EAST TEXAS (KTRE) - Many of you have probably read or heard about a "super" El Nino or "significant" El Nino event unfolding this fall and this winter in recent weeks.
According to NOAA, there is a 90% chance that a strong El Nino will take place and last right through the fall and winter months. They also said there is an 80% chance it could very well extend through the spring season in 2016 as well.
So what is El Nino and what would its impacts be for us in East Texas?
El Nino is a phase in which warmer than normal sea surface temperatures form and expand in the equatorial Pacific ocean. When those water temperatures really have an anomaly that is much warmer than normal, as is the case this year, then the El Nino can become stronger.
The significance of El Nino is that it does alter the jet stream and weather patterns across the globe, including noticeable impacts for us in East Texas.
El Nino started to form at the very tail end of 2014 and continued to develop right through this past spring in 2015. This led to the record setting rainfall we experienced this spring as the storm track was very active and set up right over the Lone Star state.
Based on recent trends and comparisons, it goes without saying that the El Nino in 2015 could rival that of 1997, which was one of the strongest one's on record.
So what does this all mean for us in East Texas? Well, if El Nino lives up to expectations, we would see cooler and wetter than normal conditions persist this fall and winter. In fact, the Climate Prediction Center has already released their winter outlook, taking this phenomena into effect.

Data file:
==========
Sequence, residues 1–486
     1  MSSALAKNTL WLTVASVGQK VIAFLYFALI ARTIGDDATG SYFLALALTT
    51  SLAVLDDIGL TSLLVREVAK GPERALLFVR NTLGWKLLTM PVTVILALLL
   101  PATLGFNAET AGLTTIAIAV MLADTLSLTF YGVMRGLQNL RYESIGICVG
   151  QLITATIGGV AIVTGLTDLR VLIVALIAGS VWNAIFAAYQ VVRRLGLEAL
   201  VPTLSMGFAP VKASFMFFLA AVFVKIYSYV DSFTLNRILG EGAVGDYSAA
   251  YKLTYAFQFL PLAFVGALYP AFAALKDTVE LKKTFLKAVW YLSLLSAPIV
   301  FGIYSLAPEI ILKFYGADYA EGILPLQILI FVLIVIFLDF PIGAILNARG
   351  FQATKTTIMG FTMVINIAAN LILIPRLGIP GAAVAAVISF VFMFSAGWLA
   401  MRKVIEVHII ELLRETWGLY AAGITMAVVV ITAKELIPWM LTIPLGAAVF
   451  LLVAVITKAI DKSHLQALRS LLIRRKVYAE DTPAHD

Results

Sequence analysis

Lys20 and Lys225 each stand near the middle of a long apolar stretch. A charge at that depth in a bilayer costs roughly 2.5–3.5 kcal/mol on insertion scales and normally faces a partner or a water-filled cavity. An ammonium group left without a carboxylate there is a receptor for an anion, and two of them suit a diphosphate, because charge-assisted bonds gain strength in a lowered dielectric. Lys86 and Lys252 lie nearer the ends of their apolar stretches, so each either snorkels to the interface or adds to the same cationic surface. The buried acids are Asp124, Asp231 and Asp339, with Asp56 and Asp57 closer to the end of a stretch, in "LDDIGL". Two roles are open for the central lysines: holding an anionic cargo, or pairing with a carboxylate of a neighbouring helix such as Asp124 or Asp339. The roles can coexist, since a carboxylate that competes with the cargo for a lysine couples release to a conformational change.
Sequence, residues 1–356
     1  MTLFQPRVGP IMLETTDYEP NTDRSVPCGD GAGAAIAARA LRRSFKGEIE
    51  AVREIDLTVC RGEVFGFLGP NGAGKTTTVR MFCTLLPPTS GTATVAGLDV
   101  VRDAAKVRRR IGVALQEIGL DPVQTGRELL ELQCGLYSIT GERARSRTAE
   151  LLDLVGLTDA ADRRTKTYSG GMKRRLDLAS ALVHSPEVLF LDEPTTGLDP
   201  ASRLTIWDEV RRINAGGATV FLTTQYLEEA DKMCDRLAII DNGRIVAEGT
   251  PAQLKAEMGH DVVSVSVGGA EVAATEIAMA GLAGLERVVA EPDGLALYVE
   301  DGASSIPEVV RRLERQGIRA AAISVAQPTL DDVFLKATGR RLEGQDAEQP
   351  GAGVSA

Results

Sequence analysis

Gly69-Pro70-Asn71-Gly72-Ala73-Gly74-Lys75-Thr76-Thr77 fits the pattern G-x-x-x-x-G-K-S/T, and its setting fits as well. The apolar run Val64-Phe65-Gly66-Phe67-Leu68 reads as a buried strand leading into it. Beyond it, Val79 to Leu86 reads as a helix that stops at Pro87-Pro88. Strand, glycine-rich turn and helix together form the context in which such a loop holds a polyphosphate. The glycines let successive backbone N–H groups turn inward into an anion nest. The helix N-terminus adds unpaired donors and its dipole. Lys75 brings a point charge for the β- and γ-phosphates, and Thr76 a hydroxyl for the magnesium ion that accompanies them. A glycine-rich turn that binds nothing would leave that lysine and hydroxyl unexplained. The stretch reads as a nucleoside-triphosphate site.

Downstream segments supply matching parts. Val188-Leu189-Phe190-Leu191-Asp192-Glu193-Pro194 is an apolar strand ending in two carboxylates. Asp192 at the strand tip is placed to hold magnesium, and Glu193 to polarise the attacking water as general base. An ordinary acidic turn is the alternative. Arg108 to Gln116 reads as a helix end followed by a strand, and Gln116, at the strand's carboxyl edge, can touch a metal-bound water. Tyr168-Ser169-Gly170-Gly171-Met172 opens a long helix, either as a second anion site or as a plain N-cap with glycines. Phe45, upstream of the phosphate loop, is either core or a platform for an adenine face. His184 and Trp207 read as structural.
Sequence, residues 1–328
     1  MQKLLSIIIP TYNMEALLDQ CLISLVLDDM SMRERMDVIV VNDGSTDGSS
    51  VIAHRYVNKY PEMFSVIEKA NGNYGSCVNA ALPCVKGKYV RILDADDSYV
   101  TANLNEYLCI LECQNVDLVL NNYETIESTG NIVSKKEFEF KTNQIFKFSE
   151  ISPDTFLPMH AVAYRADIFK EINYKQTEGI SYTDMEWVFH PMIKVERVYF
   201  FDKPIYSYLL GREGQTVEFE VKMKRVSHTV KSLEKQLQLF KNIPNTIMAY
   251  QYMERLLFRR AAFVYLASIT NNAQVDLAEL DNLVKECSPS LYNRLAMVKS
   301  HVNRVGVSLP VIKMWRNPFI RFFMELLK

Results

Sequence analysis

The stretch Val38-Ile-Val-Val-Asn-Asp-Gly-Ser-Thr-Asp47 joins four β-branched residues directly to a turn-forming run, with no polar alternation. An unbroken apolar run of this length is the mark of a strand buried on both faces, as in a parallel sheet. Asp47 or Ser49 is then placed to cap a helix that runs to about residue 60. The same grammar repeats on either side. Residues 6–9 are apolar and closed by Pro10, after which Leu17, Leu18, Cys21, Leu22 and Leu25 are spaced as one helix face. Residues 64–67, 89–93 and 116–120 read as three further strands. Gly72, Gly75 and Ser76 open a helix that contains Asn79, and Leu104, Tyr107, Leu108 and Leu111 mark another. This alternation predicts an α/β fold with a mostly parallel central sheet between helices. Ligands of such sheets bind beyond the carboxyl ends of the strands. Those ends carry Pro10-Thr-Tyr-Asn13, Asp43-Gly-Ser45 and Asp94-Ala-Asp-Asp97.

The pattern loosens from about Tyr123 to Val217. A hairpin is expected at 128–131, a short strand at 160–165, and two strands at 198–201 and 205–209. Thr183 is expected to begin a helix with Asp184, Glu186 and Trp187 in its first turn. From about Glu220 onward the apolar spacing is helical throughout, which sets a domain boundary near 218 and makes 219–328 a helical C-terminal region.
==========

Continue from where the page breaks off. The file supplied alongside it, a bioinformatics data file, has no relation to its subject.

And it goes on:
The reason for our cooler and wetter than normal conditions will be an active sub-tropical jet stream setting up overhead. Due to our position, we would be in the storm track, which means fall cold fronts could come with some bouts of heavy rainfall. This does not necessarily mean we would see flooding rains like this past spring; however, it does mean that some heavy rain events would be likely.
In addition, the added cloud cover and rainy weather would lead to temperatures that would run cooler than normal. It should be noted that this does not mean we would see hard freezes or record setting cold. It just means that when compared to our normal daily temperatures over a few months, it would be just cooler than the normal values usually felt around these parts.
So even though the July fry is ongoing and we have really dried things out recently, don't let that fool you. It does appear that El Nino may be putting us and the rest of the state back in the storm track, something we were all familiar with just a couple of months ago.